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Fifth Avenue Presbyterian Church v. City of New York (Defending church’s right to allow homeless to sleep on its steps)

This case involves the question of whether a church retains constitutionally-protected rights to permit homeless persons to sleep overnight on church property that abuts a public sidewalk. In 1999, the Fifth Avenue Presbyterian Church started sponsoring a program in which homeless persons were permitted to sleep on church property, guided by certain rules. The eventual goal of the program was to help the participants find work and get off the street. For more than two years, the New York City Police Department allowed the program to take place.

In early December 2001, however, police officers began ordering the homeless persons to leave the premises or face arrest. The church’s attempts to resolve the situation with the city resulted only in intensification of the NYPD’s actions. The church filed suit against the city in late December 2001, claiming it had been deprived of liberties – including the free exercise of religion and religious expression, freedoms of association, and protection of property – without due process of law. The suit requested a preliminary and permanent injunction restraining the forced removal of homeless persons from church property, as well as a temporary restraining order until the issue of the preliminary injunction was decided. The temporary restraining order was immediately granted.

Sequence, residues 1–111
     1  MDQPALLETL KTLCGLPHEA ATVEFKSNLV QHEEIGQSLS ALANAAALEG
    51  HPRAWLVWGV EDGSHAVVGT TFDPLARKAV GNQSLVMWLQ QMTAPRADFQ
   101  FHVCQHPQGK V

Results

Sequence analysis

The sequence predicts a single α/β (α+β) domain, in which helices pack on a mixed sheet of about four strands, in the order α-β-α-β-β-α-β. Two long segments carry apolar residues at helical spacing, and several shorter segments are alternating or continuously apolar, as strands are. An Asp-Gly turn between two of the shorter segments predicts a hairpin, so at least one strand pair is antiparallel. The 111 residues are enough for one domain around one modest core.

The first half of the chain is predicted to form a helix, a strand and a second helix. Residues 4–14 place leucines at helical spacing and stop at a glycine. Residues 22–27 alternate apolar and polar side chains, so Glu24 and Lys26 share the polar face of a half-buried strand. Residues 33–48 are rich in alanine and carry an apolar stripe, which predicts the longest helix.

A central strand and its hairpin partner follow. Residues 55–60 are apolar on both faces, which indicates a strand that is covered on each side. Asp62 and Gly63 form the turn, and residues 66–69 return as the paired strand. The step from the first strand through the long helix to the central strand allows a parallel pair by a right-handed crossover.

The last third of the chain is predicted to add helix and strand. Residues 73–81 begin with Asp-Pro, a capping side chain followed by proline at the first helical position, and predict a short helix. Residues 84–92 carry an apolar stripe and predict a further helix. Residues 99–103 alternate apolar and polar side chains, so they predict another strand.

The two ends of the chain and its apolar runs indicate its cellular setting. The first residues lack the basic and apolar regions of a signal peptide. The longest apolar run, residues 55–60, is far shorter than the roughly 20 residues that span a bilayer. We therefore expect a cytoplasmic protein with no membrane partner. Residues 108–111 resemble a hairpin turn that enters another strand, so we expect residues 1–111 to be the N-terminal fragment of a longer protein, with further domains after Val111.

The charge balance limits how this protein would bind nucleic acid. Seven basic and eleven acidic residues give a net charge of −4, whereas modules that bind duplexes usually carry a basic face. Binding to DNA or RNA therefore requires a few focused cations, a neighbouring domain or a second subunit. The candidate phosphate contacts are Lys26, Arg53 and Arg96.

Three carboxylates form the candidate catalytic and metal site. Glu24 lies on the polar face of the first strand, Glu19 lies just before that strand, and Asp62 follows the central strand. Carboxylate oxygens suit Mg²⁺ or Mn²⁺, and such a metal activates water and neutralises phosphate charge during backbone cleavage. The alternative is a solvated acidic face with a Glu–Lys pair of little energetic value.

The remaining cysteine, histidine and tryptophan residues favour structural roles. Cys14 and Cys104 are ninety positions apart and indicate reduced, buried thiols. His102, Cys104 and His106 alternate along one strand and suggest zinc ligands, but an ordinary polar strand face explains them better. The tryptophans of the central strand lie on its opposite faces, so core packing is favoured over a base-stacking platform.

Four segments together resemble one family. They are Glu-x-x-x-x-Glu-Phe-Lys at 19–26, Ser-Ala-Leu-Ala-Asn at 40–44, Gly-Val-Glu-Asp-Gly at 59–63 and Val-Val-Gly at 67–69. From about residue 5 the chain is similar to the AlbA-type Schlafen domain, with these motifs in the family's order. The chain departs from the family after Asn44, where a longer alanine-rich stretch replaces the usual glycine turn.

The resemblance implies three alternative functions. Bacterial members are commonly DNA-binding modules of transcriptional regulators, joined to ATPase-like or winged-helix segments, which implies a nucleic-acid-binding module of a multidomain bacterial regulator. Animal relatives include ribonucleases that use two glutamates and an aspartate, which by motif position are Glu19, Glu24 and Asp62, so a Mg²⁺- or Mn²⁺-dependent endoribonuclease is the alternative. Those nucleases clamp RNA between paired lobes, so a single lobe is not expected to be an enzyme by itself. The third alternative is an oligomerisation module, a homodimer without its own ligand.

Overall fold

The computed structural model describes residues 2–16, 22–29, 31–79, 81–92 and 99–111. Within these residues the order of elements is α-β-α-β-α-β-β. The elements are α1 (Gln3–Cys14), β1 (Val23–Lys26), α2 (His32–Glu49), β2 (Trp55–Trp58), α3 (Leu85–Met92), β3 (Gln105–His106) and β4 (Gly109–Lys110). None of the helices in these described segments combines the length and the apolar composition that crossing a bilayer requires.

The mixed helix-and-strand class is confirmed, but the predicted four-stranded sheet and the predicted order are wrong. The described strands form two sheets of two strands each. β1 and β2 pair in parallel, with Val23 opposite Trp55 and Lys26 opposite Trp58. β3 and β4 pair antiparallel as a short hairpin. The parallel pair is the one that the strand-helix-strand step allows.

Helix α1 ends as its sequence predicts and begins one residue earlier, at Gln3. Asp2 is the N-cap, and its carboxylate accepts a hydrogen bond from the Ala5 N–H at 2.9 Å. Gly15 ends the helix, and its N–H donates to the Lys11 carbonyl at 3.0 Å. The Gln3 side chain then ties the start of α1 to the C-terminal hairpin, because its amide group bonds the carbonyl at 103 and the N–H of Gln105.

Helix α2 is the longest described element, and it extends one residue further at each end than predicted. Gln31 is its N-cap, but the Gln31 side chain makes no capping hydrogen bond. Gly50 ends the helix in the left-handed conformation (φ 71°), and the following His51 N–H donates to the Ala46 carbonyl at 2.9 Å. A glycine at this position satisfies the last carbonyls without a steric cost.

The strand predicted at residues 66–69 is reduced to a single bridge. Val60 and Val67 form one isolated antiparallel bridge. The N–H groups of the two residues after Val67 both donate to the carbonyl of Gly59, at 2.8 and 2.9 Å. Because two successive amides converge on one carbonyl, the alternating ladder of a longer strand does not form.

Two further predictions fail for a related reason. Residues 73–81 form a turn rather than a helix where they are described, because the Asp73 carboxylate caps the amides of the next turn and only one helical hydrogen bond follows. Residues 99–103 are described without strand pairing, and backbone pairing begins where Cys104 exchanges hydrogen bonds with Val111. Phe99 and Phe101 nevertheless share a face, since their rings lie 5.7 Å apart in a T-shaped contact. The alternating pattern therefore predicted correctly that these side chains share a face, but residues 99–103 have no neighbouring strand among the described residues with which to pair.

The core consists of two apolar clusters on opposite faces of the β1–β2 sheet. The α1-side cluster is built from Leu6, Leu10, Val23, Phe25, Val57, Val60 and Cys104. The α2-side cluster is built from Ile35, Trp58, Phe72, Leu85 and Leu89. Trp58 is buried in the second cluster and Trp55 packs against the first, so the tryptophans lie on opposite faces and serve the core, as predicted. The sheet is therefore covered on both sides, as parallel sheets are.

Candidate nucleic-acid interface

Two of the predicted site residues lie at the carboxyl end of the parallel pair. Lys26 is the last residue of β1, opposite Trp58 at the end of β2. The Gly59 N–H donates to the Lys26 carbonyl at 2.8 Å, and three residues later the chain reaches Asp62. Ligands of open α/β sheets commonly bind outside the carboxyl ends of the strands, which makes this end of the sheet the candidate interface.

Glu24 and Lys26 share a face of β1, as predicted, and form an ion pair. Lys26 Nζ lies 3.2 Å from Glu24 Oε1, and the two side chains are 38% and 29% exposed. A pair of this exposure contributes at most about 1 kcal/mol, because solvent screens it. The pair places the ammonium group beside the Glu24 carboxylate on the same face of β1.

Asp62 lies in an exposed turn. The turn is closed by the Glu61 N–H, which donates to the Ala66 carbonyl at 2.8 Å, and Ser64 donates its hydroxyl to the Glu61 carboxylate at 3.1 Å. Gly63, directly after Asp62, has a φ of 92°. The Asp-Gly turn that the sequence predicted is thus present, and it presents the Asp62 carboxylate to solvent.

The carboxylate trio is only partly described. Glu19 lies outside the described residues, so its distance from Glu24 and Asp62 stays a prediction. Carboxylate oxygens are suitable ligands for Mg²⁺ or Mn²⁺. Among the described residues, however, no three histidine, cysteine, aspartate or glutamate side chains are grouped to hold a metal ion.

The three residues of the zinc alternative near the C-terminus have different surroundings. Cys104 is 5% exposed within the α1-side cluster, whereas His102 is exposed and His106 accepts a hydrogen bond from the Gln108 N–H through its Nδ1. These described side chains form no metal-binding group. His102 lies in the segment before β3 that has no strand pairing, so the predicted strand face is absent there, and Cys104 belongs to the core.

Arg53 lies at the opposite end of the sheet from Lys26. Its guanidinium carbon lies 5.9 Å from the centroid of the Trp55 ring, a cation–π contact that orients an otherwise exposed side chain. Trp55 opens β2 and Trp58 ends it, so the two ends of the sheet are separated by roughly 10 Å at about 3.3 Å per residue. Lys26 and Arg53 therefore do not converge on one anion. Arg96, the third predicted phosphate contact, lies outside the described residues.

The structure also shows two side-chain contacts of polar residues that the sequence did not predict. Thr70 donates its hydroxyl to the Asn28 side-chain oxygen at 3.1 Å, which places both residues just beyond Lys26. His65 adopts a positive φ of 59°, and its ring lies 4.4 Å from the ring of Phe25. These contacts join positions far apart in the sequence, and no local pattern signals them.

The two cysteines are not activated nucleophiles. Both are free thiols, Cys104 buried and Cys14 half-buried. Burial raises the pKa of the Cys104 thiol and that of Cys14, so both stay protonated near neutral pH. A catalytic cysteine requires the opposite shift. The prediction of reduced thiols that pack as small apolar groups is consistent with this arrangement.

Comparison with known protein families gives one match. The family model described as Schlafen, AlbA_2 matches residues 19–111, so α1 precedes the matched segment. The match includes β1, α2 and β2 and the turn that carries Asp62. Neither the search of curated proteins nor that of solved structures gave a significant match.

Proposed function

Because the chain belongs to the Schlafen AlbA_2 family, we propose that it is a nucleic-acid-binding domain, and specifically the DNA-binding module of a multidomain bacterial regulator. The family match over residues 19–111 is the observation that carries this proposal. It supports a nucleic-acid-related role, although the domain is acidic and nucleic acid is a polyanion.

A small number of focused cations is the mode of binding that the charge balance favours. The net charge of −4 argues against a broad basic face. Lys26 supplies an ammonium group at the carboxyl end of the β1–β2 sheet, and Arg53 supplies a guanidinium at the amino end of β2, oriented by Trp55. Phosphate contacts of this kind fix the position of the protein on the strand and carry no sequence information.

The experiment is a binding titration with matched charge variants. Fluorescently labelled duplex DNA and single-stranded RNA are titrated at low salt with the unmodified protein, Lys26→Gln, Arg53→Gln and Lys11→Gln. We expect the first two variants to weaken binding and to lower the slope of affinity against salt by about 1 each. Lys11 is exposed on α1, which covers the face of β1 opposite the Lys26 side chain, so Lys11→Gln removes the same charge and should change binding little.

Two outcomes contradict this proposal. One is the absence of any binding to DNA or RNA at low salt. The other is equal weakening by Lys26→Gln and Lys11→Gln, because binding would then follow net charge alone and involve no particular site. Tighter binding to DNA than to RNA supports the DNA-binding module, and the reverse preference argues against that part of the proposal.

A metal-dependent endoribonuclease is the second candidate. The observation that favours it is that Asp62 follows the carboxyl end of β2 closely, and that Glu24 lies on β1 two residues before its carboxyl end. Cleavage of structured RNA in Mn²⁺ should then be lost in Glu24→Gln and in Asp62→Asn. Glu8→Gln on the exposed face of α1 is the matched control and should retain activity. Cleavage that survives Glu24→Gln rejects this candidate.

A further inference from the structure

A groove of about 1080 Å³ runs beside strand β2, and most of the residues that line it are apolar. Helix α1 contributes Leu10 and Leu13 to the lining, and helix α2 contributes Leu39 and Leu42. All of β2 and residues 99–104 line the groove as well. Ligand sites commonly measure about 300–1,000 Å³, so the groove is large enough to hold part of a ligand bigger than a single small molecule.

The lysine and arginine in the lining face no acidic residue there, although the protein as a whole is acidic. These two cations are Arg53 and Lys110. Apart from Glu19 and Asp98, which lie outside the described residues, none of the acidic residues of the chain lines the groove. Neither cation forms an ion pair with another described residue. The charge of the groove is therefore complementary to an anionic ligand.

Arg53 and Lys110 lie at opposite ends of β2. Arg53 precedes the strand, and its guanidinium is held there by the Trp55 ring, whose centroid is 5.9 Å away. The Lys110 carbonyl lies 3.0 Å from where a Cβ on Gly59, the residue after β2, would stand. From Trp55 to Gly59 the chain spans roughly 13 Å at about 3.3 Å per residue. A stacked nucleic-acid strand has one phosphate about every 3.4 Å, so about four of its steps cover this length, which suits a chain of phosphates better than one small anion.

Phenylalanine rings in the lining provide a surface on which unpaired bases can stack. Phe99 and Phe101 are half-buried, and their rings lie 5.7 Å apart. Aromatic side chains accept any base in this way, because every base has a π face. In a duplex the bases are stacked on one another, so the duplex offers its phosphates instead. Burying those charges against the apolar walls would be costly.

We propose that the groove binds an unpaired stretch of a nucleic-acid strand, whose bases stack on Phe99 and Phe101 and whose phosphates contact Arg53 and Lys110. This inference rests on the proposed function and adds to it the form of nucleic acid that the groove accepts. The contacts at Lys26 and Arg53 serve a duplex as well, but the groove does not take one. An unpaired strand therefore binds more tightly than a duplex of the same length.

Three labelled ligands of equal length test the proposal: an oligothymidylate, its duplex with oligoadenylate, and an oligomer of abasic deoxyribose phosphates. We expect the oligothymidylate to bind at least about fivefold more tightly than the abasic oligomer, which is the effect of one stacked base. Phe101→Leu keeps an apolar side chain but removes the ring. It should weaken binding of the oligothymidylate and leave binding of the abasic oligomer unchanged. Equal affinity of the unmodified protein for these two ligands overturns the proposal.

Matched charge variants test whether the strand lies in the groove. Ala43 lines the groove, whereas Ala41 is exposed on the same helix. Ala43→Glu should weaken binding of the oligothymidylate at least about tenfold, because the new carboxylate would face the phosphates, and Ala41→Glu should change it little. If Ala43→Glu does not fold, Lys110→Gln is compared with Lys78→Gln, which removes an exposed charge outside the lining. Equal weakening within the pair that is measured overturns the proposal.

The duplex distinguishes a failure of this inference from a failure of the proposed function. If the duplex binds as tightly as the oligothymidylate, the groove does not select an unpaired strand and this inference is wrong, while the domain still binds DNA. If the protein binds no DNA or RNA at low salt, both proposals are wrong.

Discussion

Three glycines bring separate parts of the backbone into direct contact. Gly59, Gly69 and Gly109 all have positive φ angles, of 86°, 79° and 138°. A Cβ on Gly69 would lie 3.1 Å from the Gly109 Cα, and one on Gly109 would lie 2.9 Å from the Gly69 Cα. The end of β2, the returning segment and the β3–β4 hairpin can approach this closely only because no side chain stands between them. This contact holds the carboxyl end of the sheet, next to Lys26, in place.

The preliminary injunction was granted on Jan. 4, 2002, prohibiting police from interfering with those homeless people sleeping on the church steps. The injunction did not, however, prohibit police from preventing the homeless from sleeping on the sidewalks contiguous to the church. The court found that the church’s actions were part of its religious mission; that the church had not created a de facto shelter; and that the mere presence of homeless persons did not constitute a “public nuisance.” Nevertheless, the court concluded that the city maintained a sufficient interest to prevent the church from permitting homeless persons to remain overnight on church property that abutted the public sidewalk. The preliminary injunction was affirmed by the Second Circuit. The NYCLU involvement in the suit ended after the preliminary injunction phase.

On Oct. 28, 2004, the District Court granted summary judgment to the church on its First Amendment claim that the city could not prevent people from sleeping on its steps. The city has appealed the ruling. The U.S. Court of Appeals for the Second Circuit affirmed the District Court’s ruling on June 6, 2006. 

S.D.N.Y., Index No. 01 Civ. 11493 (LMM), U.S. Court of Appeals, 2nd Cir. No. 02-7073 (direct)

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